P.B. Mukharji, J.
1. This is an application by seven persons' (1) Leonard Henry George Mazotti, (2) HenryTwiggs Tribble, (3) Kenneth Lloyds Lancashire,. (4) Percy Frederick Cannier, (5)-William LensonArnold Derby, (6) Leonard Ernest Hart, and (7)Anthony Eugine Myddelton Gale under the IndianArbitration (Protocol and Convention) Act of 1937.It invokes Section 3 of the Indian Arbitration (Protocol and Convention') Act of 1937 for stay of a pending suit in this Court.
2. The matter relates to an Arbitration Agreement said to be contained in the Policy of Marine Insurance dated the 1st April, 1953 issued in favour of Metemicals Ltd., by Lloyds underwriters to cover certain risks for shipment.
3. In this application the petitioners want to stay the suit No. 1337 of 1956 instituted in this Court oh or about the 16th May, 1956.
4. I have come to the conclusion that this application must fail on many grounds.
5. My first reason is that this suit was instituted by the plaintiff Shree Bajrang Electric Steel Co. Private Ltd., the respondent to this application, against four different defendants of which Lloyds Underwriters are the third defendant. I, therefore, cannot see any reason why on the application of the Lloyds Underwriters, only one of four defendants, the entire suit should be stayed. That would mean staying the suit against the other defendants who are neither parties to the Arbitration Agreement nor with whom there can be any Arbitration. Therefore the suit in so far as it is against the other three defendants cannot be stayed on the ground that there is an arbitration agreement between the plaintiff and the present applicants.
That means that at best the applicants can ask for a stay of the suit against themselves and no others. That is a course which has its peculiar difficulties mainly because that must mean trial of a suit piecemeal, stay of a suit against only this defendant, and prosecution of the suit with regard to other defendants, I consider such a procedure most undesirable and unfair unlessthere are cogent reasons to the contrary. I find no such cogent reasons in this case.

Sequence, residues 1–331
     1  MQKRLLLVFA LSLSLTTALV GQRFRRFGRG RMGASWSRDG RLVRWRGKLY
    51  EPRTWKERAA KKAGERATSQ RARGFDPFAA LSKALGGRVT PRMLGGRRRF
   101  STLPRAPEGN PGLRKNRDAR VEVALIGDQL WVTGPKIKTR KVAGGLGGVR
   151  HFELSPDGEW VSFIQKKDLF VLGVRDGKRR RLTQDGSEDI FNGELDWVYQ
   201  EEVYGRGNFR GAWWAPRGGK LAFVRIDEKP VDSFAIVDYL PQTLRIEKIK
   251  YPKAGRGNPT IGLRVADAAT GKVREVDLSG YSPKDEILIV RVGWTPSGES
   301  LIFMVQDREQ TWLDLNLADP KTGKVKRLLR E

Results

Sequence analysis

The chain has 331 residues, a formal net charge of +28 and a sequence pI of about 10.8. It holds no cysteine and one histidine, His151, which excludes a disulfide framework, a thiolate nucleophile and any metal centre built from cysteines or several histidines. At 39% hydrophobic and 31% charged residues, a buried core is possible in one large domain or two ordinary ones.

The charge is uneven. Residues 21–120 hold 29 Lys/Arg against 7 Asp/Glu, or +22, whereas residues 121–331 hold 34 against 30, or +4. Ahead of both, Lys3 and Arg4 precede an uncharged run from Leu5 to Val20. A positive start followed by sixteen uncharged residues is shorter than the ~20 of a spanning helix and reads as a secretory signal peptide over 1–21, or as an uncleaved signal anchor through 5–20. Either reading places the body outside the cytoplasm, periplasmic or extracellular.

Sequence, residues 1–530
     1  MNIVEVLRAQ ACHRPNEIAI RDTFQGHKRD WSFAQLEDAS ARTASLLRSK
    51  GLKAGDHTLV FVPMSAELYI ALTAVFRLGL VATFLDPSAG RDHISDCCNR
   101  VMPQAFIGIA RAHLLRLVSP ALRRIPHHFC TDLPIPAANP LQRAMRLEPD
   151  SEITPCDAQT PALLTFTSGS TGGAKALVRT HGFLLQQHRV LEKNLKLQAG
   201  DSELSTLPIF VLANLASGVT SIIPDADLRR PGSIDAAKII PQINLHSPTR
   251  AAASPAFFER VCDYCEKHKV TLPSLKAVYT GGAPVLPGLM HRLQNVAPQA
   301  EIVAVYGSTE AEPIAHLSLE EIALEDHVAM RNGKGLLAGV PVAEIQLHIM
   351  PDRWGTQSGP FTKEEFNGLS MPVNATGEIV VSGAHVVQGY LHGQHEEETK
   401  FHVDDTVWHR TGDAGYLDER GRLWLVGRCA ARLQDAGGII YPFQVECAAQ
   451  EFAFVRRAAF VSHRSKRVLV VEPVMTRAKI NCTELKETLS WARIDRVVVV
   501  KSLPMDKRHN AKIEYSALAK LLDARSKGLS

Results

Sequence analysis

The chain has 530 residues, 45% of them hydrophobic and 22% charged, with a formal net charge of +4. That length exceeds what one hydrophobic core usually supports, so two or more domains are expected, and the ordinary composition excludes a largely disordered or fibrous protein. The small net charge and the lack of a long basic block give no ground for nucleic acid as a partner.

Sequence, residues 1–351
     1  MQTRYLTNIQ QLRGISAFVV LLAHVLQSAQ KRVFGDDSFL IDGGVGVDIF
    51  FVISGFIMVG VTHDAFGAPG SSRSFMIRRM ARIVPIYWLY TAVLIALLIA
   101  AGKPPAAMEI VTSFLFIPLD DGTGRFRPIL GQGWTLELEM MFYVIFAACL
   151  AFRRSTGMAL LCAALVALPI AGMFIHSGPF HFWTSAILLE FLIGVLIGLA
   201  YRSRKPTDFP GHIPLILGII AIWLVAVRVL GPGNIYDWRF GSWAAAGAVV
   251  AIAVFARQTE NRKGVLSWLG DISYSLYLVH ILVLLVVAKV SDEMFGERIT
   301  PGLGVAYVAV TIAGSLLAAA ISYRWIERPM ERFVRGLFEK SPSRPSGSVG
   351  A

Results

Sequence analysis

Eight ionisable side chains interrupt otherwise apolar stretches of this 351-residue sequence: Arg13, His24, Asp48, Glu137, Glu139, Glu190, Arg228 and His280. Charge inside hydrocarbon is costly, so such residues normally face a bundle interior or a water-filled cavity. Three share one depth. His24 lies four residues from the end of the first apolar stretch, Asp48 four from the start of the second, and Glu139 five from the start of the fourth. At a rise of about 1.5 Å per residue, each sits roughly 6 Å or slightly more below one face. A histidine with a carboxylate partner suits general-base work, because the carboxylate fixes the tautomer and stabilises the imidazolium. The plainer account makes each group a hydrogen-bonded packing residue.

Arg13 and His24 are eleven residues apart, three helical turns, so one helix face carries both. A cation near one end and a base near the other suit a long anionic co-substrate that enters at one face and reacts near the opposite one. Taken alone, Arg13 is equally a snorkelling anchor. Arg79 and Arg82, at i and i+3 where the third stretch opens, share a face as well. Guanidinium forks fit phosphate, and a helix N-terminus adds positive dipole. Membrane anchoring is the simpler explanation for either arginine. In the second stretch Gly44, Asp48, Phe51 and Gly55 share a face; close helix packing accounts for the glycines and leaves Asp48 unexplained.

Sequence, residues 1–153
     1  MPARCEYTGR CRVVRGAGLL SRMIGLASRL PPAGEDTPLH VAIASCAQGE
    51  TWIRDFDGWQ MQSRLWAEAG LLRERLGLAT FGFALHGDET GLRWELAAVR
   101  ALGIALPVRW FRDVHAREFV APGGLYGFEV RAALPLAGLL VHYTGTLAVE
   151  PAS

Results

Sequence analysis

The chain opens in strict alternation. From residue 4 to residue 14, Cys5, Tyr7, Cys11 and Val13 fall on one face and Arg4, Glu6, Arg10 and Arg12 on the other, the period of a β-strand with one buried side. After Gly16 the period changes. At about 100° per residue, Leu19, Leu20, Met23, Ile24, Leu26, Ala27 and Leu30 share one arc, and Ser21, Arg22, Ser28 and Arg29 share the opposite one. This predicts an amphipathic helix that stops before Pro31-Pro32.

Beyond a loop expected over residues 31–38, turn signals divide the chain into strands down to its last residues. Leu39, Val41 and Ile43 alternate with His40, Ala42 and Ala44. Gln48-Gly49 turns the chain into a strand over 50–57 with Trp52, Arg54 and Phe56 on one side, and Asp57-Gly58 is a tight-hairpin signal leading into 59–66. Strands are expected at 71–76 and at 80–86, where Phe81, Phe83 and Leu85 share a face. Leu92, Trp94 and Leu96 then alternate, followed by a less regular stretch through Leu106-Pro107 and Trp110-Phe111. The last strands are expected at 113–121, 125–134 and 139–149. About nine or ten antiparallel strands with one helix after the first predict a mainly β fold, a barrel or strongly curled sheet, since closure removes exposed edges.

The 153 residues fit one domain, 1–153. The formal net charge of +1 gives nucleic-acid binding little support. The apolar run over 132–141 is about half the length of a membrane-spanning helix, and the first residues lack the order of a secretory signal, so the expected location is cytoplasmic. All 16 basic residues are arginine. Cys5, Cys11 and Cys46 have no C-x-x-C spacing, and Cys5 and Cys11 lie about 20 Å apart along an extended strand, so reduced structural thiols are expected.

7. My next reason is that the entire appli- cation is incompetent and is misconceived under the Indian Arbitration (Protocol and Convention) Act of 1937. The relevant clause in this case reads. as follows;--
'All disputes must be referred to England for settlement, and no legal proceedings shall be taken to enforce any claim except in England, where the underwriters are alone domiciled and carry on business.'
8. The language of this clause does not refer to the particular kind of - Arbitration that is the subject of Protocol and Arbitration Clauses to which I understand both India and the United Kingdom are signatories. The language appears to me to do nothing more than stipulate a choice of legal forum in England. That legal forum may be an English Arbitration under the English Arbitration Acts or in the public Courts in England. Whatever view one takes whether it is an English Arbitration in England or a legal proceeding in English Courts of law, this much is clear beyond doubt that it is not the Protocol Arbitration within the meaning of the Arbitration (Protocol & Convention) Act of 1937 under which the present application is made. No doubt when two Courts have concurrent jurisdiction to deal with a dispute, the parties may agree by a contract that Courts of a particular land should decide that dispute. That law is well-settled in India and is also the law in England which would appear from the decision of the English Court of Appeal in - 'Austrian Lloyd Steamship Co. v. Gresham Life Assurance Society, Ltd.', (1903) 1 KB 249 (A). There the clause was: